Scheming with the Woodland Trust
PUBLISHED: 09:26 26 January 2016 | UPDATED: 09:26 26 January 2016
The Woodland Trust
Woodland creation adviser Emma Bird from The Woodland Trust explains how its latest scheme is helping the countryside fight back against tree disease
Since ash dieback was confirmed in mature woodland in autumn 2012 it has spread across the country at an alarming rate, with well over 1,000 locations now with the disease present. East Anglia has really become the epicentre, with the first cases anywhere in the UK confirmed in the region.
This means it’s one of the most important areas when it comes to observing how the disease is changing the make-up of our woods, as well as tackling the impact. Although it’s widespread, the effects are only just beginning to show and the true impact may not be seen for several years. Which is why in the summer we launched a pilot to get people planting more trees in five counties - Northumberland, Kent, East Sussex, Suffolk and here in Norfolk.
Our “tree disease recovery packs” are aimed at landowners who are concerned about tree diseases, such as ash dieback and the effect on individual trees outside of woods. This winter 48 packs of trees have been distributed in Norfolk alone with more than 2,000 trees being planted. The packs consist of 45 trees, from a mix of five native species (beech, oak, wild cherry, hornbeam, birch) and also contain guards, stakes and tailored advice on how to plant them.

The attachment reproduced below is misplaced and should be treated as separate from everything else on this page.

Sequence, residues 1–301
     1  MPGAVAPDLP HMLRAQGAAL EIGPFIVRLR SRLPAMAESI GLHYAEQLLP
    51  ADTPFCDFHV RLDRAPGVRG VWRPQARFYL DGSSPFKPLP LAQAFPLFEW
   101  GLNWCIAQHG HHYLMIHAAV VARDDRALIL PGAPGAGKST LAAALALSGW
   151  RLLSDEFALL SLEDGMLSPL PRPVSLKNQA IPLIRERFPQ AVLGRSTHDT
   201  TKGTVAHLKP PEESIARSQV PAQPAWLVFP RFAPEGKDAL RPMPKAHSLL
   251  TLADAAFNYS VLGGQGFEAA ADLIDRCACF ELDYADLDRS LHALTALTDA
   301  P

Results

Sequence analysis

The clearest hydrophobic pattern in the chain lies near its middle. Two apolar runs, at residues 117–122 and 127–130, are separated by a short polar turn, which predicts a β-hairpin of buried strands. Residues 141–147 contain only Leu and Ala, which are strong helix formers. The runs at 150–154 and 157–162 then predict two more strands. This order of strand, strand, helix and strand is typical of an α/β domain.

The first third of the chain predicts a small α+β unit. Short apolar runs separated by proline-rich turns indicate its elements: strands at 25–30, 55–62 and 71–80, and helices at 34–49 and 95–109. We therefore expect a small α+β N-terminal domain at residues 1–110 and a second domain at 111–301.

With 130 million ash trees in the landscape and up to 12 million of these outside woods we need to do all we can to ensure continuity as ash trees succumb to dieback. By planting trees now to replace those we will lose we can keep connectivity across the countryside and between woods. This will help wildlife adapt to any habitat loss or change and also increase the diversity of woodland cover to prepare against future attacks from pests and diseases.
Schools and communities can also plant trees too; we offer packs of 30, 105 and 420 trees which can be planted in a school or other publicly accessible space. They come with all the advice you need to plant the trees and we have staff that can provide further information.
There’s never been a more important time to plant trees, so if you’d like to do your bit find out more online at www.woodlandtrust.org.uk/plant-trees or call 0330 3335303.